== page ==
Wildcrafting and foraging, acts of gathering wild edibles, as opposed to harvesting cultivated crops, are used interchangeably. While wildcrafting refers to collecting herbs for medicinal purposes, foraging suggests grazing or eating on the go.
While grabbing a coffee at Jack’s in Amagansett Square the other day, I stepped on a round, spiny, brown shell and a shiny chestnut rolled out. I was immediately taken back to my grandparents’ living room, where chestnuts were cooked over the proverbial fire — the start to a long, satisfying Italian meal.
The more I looked, the more I saw, the more I threw in my purse. My suburban foraging triggered memories of wild edibles of years past.
The pungent smell of spring onions sprouting on the edges of the lawn, searching for tiny ripened strawberries and, as the summer grew hotter, plucking plump berries from thick mulberry bushes. The scent of wild grapes is forever embedded in my mind with the start of school.
My grandfather, Vito, foraged for mushrooms and plucked young dandelion leaves to eat with lemon, olive oil, salt and pepper. The greens contain over 500 times the recommended daily value of Vitamin K, which protects the bones and brain. Coffee can be made from the roots, which helps clean the liver and kidneys. I’m sure Vito made dandelion wine, from the flowers, and kept the jars in the basement closet with a winter’s worth of canned tomatoes.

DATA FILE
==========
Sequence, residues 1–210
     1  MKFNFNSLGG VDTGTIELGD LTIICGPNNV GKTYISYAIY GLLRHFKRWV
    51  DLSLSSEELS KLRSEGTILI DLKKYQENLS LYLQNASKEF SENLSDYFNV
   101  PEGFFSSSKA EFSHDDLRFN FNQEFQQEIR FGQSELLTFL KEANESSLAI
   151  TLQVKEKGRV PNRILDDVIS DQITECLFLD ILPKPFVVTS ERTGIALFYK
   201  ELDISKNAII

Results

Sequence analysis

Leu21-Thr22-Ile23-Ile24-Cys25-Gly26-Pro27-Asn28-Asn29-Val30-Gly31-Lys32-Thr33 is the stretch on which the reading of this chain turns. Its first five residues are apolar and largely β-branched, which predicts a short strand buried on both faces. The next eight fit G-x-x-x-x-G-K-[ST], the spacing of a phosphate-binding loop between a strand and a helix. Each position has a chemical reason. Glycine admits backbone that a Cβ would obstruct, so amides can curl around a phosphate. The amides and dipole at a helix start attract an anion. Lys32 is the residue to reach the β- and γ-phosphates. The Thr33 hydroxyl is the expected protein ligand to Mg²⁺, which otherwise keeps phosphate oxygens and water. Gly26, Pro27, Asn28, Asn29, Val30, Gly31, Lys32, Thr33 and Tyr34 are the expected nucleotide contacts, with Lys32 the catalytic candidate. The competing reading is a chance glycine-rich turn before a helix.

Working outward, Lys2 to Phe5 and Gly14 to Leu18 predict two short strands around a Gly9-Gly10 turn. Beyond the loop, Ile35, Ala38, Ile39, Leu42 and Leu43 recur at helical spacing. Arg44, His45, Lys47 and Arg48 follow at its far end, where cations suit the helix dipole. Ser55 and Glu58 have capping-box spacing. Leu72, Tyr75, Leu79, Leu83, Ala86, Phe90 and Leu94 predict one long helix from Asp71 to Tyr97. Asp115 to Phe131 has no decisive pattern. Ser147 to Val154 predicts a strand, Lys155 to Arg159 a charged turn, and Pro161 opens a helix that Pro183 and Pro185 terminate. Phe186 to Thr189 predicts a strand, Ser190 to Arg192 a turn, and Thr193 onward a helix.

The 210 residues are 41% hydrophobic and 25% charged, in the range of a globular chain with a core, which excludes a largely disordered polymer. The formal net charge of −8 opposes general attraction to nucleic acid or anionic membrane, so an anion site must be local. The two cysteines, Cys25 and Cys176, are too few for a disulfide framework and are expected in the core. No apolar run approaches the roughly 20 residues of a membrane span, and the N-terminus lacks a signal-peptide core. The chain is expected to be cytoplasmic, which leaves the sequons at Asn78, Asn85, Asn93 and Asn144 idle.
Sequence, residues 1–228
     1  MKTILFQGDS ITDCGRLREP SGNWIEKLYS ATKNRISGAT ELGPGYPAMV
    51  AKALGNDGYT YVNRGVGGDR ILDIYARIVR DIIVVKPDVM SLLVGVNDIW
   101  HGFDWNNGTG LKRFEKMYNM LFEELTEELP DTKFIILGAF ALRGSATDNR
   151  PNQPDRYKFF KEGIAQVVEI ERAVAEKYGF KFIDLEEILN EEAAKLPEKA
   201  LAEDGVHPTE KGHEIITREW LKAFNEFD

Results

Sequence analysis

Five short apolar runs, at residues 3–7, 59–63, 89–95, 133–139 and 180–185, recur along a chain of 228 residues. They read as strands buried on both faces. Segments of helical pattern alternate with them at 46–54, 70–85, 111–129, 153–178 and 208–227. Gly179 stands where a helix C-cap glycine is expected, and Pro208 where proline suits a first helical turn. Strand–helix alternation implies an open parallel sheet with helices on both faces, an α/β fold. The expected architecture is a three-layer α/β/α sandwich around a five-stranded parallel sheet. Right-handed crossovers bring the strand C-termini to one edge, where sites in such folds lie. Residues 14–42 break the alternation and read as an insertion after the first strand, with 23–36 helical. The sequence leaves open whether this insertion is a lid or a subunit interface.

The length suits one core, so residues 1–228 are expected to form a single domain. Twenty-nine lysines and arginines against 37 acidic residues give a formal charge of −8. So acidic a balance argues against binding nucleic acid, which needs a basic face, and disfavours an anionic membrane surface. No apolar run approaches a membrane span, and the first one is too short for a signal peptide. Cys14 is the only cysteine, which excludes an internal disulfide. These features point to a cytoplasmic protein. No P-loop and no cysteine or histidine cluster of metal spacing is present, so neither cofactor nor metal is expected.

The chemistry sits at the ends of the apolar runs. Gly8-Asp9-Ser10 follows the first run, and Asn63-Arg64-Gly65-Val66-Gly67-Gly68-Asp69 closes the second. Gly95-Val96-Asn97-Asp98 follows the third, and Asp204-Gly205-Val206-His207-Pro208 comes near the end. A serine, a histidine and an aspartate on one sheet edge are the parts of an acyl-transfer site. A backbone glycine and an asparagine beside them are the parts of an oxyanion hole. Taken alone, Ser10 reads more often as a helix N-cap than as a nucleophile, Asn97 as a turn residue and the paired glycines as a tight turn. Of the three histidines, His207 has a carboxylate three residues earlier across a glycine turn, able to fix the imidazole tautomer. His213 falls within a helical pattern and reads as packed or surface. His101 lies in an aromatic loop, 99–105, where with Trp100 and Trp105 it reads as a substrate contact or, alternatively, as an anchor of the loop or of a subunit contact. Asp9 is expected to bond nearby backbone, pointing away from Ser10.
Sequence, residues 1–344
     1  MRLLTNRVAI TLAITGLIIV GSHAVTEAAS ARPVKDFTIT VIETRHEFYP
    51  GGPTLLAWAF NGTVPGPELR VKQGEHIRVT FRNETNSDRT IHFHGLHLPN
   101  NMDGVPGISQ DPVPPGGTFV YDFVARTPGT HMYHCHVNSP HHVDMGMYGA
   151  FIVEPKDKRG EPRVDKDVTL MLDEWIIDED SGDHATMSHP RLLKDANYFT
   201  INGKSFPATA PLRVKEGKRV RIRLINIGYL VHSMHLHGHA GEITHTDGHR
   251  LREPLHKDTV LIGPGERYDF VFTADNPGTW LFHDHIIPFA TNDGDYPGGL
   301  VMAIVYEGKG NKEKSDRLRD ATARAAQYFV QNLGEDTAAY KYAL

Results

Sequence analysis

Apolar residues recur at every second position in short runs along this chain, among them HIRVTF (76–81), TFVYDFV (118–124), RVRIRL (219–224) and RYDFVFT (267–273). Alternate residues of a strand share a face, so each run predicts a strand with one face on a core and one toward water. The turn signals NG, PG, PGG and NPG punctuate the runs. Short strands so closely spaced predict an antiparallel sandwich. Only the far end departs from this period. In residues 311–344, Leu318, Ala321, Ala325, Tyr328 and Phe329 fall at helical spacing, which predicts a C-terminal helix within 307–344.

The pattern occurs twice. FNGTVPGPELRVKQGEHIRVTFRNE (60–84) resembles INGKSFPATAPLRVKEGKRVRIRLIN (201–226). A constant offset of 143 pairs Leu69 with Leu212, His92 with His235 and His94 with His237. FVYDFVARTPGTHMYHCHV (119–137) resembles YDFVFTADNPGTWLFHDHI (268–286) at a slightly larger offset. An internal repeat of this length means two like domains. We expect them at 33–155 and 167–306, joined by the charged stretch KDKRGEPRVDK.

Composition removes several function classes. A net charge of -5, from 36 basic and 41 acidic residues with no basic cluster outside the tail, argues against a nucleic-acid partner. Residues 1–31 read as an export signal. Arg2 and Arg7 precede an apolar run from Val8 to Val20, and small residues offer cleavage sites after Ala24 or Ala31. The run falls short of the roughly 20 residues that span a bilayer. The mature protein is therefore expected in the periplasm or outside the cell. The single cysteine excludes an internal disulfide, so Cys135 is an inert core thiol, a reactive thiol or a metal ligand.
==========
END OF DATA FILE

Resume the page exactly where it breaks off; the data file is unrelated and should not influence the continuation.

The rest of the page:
Nowadays, it’s harder to come by nature’s wild offerings of fruits and vegetables. There is a wild asparagus patch near my home, but I would not take them due to the small numbers.
Beach plummers are loath to tell another where their patch is located. Cranberry bog locations are out of the question.
There is good news. Wildcrafting can be done in most yards. If you stay away from chemicals, chances are an abundance of wild herbs and greens will flourish. They may be called “weeds,” but most are nutrient dense and delicious, raw or cooked.
Dried for teas, tinctures, pills and capsules, many wild herbs have medicinal properties. Resveratrol, touted as an anti-aging supplement, can be derived from Japanese knotweed.
The invasive weed can be found along roadsides, and used to treat Lyme disease, but be careful where you wildcraft. You don’t want any type of contamination.
Lamb’s quarters has more protein than spinach. Tiny, succulent purslane leaves are high in omega-3 fats and stinging nettle is a blood cleanser. The white flowers of Queen Anne’s Lace hide the root of the white “wild carrot.” They all grow in my yard.
Unfortunately, I won’t be roasting my chestnuts on the beach. They are poisonous horse chestnuts. A fungus on Asian chestnuts, imported to Long Island, wiped out more than four billion American chestnut trees at the turn of the 20th century.
American chestnuts grew centuries old and six feet wide up and down the East Coast along the Appalachians. With some effort, they are gradually making a comeback. And now that I think about it, my grandparents got their chestnuts from Italy.